HOUSTON -- The Astros aren't done with their pursuit of Lance Berkman.
Astros general manager Jeff Luhnow said he had spoken with Berkman on Thursday and Friday about possibly returning to Houston, but he wouldn't say how serious the team is in its pursuit of the slugger or whether an offer had been made.
Berkman, 36, has yet to say publicly whether he wants to play this season, but he's garnering attention on the free-agent market. In fact, Rangers president Nolan Ryan told MLB.com that the team is interested in Berkman.
Berkman played for the Astros from 1999-2010 and was one of the most prolific offensive players in team history. He was traded to the Yankees in 2010 and had a huge year for the Cardinals in 2011, hitting .301 with 31 homers and 94 RBIs. He was limited to just 32 games last season because of a knee injury.
When asked about Berkman on Wednesday, Luhnow said, "Obviously, if he feels he's healthy and ready to play, we'll have a conversation with him. He's still got a lot of value to add to a Major League team."
The Astros signed Carlos Pena last month to be their designated hitter, and he's going to split time at first base with Brett Wallace, so it's unclear how Berkman would fit into that mix. Houston's 40-man roster is full, meaning a roster move would have to be made to free up space for any additional players.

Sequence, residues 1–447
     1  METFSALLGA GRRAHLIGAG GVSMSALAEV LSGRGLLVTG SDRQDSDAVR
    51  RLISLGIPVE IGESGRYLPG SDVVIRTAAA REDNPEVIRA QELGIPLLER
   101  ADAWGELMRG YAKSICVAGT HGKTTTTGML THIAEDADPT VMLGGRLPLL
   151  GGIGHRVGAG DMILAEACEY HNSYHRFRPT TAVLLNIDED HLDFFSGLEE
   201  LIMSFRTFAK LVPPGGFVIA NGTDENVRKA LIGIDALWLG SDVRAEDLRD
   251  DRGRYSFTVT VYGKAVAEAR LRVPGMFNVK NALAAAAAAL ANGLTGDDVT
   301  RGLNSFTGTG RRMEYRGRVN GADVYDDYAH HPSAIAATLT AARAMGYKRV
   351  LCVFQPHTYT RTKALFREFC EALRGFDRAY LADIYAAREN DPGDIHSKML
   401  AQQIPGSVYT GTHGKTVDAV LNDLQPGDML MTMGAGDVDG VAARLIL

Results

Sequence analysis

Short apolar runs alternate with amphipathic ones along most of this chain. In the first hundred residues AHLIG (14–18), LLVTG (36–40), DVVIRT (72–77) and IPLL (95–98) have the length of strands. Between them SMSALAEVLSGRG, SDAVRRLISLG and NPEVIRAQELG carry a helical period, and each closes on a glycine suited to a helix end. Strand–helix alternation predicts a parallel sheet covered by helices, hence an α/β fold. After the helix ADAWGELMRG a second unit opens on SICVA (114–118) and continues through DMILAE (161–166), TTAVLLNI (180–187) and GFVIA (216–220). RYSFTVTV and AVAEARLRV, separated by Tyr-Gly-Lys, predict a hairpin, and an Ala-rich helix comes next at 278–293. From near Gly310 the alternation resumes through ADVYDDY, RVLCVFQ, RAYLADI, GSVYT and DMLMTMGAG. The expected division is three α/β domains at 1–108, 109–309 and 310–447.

In November, Berkman initiated a meeting with Astros owner Jim Crane to talk about the team and get to know each other better, and he also had lunch with new manager Bo Porter.
"It was kind of a state of the Astros meeting," Berkman said in November.
Berkman spent part of the fall assisting the coaching staff at Rice University, his alma mater. He is close friends with legendary Rice coach Wayne Graham, who guided the Owls to the College World Series title in 2003. He'll suit up as Rice's volunteer assistant coach if he doesn't play this year.
Berkman said that even if he doesn't wind up playing for the Astros, he will always have an interest in the franchise that drafted him in the first round in 1997 and watched him blossom into one of the greatest players in team history.
Brian McTaggart is a reporter for MLB.com and writes an MLBlog, Tag's Lines. Follow @brianmctaggart on Twitter. This story was not subject to the approval of Major League Baseball or its clubs.